Tongmyeongjeon has a wide elevated stone terrace called a woldae. Originally, only the center section of the three kan was wood floored and an ondol (headed floor) was at either side of the center hall.
The courtyard to the west is a garden with a round well and square pond and the waterway in between was painstakingly crafted from stone.
The pond is lined with long square stones and sculpted stone rails. There are two stones in the pond and a lotus-shaped stand as well.
Built in 1484 during the reign of King Seongjong, this was a royal residence which was also destroyed in the Japanese invasion of Korea in the late 1500's.
After being rebuilt by King Gwanghaegun in 1616, it was burnt down again in 1624, during the second year reign of King Injo, during the revolt of Lee Gwal.
It was rebuilt shortly after the revolt but suffered another fire in 1830, being rebuilt again in 1833.
After the last rebuild, Yanghwadang was the residential quarters of the queen mother, but King Injo lived here when he returned from refuge at Namhansangseong Fortress during the Manchu invasion of 1636.
Gyeongchunjeon and Hwangyeongieon (Halls)
Built in 1483, it was destroyed in the Japanese invasion, rebuilt in 1616, burnt down in 1830, and rebuilt in 1834, King Jeongjo and King Heonjong were born here.
The Chinese characteres, over the center, were written by King Sunjo.
There are verandas in the front and rear.
The royal residence first built in 1484 during the reign of King Seongjong was burnt down during the Japanese invasion and rebuilt in 1616, during the reign of King Gwanghaegun.
It was burnt again by a fire in 1830 and rebuilt for the last time in 1834.
Hwangyeonjeon features simple graceful double-wing brackets atop the columns. The eaves are two-tiered. The floor is wooden, and the beams are crossed between the inner and outer columns.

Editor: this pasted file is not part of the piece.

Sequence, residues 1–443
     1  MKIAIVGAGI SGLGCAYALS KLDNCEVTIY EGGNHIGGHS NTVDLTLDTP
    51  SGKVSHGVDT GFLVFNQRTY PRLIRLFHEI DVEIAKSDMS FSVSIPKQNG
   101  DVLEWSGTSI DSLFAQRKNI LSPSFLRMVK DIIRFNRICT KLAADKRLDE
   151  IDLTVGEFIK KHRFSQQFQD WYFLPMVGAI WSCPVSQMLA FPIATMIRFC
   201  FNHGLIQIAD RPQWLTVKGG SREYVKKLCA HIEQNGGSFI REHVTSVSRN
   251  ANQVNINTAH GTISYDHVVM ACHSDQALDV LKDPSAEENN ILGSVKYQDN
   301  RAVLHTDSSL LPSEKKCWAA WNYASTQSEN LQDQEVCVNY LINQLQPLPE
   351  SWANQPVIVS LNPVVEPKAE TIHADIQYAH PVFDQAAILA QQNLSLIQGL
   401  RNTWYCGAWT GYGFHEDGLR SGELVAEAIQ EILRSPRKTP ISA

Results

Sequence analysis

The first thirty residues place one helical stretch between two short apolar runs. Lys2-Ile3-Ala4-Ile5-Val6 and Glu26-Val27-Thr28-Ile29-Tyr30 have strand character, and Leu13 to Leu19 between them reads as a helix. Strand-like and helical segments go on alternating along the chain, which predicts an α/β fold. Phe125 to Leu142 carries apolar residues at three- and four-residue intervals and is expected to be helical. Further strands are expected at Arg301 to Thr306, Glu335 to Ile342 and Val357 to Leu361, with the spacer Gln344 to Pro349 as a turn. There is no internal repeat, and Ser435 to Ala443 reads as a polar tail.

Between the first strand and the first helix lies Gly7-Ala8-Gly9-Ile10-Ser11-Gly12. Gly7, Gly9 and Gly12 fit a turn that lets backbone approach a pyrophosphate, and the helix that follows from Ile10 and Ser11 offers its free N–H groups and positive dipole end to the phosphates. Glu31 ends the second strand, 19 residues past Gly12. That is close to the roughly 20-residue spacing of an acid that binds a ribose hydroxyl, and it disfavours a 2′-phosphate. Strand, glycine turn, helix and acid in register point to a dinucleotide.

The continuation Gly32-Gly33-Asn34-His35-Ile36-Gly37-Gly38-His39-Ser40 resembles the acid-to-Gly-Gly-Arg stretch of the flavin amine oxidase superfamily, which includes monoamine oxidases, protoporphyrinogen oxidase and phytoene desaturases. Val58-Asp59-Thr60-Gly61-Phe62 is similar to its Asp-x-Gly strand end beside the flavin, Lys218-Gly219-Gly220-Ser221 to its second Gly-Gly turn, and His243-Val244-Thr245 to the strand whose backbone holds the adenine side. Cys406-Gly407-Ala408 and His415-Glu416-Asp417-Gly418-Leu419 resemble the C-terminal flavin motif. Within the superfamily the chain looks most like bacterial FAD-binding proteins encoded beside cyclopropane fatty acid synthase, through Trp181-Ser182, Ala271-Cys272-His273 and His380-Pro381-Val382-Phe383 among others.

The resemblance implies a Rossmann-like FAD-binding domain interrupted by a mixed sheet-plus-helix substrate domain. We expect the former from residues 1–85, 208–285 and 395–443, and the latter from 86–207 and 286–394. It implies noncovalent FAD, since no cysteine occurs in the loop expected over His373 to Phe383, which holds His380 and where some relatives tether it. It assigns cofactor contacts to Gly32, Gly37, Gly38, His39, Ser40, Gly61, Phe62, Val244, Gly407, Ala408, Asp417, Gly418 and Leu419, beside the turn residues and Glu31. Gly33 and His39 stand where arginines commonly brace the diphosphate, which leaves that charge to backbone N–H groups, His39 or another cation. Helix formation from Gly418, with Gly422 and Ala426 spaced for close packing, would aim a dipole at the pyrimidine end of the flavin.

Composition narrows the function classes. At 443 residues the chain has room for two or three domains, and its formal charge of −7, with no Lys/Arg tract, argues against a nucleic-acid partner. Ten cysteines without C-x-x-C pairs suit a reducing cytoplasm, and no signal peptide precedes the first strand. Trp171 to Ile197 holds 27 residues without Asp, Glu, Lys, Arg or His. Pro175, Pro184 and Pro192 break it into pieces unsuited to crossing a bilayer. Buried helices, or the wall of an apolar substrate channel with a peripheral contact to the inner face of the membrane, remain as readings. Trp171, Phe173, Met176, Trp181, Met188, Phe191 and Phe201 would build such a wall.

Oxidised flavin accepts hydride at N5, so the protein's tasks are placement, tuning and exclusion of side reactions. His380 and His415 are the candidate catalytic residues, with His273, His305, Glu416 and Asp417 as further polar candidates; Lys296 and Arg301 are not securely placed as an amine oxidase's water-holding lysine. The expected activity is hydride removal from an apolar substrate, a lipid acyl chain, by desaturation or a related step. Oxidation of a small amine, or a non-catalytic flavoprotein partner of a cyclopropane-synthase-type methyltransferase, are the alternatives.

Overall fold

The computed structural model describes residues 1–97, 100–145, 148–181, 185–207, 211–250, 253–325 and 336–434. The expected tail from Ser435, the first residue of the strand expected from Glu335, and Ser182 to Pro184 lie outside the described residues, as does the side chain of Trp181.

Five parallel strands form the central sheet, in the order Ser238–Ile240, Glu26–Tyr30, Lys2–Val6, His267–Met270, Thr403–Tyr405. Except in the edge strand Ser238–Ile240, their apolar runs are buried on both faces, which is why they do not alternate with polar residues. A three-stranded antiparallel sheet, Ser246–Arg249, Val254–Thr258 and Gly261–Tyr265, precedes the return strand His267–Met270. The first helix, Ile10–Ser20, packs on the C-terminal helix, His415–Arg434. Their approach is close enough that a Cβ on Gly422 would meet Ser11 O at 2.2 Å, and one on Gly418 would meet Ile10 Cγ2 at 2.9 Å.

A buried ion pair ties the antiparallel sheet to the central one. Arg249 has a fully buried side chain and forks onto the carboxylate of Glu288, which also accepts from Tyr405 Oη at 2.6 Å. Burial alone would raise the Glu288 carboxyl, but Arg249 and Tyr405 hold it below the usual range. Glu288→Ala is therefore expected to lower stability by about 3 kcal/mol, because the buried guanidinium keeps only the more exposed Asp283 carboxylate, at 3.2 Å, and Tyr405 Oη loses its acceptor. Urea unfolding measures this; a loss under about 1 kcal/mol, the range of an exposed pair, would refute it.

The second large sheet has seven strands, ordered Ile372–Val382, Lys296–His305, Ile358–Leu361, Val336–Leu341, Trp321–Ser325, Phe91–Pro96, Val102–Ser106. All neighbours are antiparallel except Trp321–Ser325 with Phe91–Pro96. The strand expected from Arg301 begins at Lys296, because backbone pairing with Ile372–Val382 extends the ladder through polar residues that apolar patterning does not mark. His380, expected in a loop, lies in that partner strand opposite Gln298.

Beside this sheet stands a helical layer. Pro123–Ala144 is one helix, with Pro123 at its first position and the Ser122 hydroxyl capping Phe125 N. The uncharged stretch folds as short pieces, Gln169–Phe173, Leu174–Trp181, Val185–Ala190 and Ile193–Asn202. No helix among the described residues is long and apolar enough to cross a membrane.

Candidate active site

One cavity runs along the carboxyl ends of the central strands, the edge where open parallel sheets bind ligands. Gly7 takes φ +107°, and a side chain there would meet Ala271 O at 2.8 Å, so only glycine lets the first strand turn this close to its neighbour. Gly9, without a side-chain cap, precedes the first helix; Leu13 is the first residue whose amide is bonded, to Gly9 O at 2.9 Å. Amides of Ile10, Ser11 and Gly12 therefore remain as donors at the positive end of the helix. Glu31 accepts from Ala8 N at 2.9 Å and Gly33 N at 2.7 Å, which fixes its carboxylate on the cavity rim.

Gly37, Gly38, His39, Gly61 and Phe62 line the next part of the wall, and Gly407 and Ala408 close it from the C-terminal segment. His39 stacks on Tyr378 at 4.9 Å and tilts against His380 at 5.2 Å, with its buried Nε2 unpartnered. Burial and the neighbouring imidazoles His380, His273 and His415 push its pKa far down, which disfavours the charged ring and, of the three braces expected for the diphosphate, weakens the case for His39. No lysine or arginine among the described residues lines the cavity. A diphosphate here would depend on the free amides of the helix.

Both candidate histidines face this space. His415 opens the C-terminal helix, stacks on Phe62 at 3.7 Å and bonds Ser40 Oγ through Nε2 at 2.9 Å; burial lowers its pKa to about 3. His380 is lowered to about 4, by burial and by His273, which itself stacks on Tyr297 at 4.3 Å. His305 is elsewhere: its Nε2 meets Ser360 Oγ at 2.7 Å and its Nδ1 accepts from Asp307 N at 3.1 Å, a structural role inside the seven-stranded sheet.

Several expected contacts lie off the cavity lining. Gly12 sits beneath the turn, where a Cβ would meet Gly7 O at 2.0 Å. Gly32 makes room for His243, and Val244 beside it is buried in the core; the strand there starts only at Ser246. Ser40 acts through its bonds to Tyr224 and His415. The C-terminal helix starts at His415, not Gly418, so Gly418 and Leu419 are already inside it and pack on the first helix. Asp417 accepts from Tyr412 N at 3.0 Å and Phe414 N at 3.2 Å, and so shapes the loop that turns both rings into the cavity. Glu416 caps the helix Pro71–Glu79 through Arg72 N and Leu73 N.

Roof rafters are exposed between the outer and inner columns, while the ceiling is latticed.
Erected in 1484 during the reign of King Seongjong, this was also burnt down in 1592 and rebuilt in 1616.
Myeongjeongjeon features a throne, with a folding screen of the sun and moon behind it and a wooden canopy above it. The ceiling is recessed and decorated with Bonghwang phoenix, which was the symbol of immortality and nobility. Lotus designs were painted in Dancheong coloring on the ceiling.
A paved path leads to the throne hall from Myeongjeonmun gate. There is a center portion which is raised, allowing travel for kings only. Subjects followed the king on the lower sides of the path.
A pair of Bongwang phoenixes is engraved inside heart-shaped outlines on the rises of the center stairs. Stairs are engraved with arabesque, cloud, and Bosanghwa floral designs. Also present is Haetae, the fire-eating legendary animal that offers protection from fire itself.
While we were there, they were doing some type of ceremony reenactment but I couldn't find out what since no one spoke English. All the pictures I have from this hall and plaza are during the ceremony which I believe may be some type of funeral given casket like box that was carried out in the processional at first.
The Sungmundang was built in 1830, the 30th year of King Sunjo, to replace the one that was earlier destroyed by fire in the same year.
The inside of the building consists of the central wooden floor and two rooms, on either side of the wooden floor. The signboard and plaque were written by King Yeongjo, who was a great promoter of scholarship and learning. He used to receive and test university students here, and often held celebrations here in their honor.
The Munjeongjeon (Hall)
The present day building was completed in 1986 as a part of the reconstruction project of Changgyonggung palace based on the finding of the excavation and various written records.
It was confirmed through excavation in 1984 that the original building stood on a base 20m north to south and 18m west to east and the base had two stairs in the east and west sides.
The original Munjeongjeon was built in 1484 by King Seongjong and burnt down in 1592, to be rebuilt in 1616. The Joseonchongdokbu, Vol X, published by the Japanese government-general in 1930, showed the east side of Munjeongjon, the building must have survived until that year.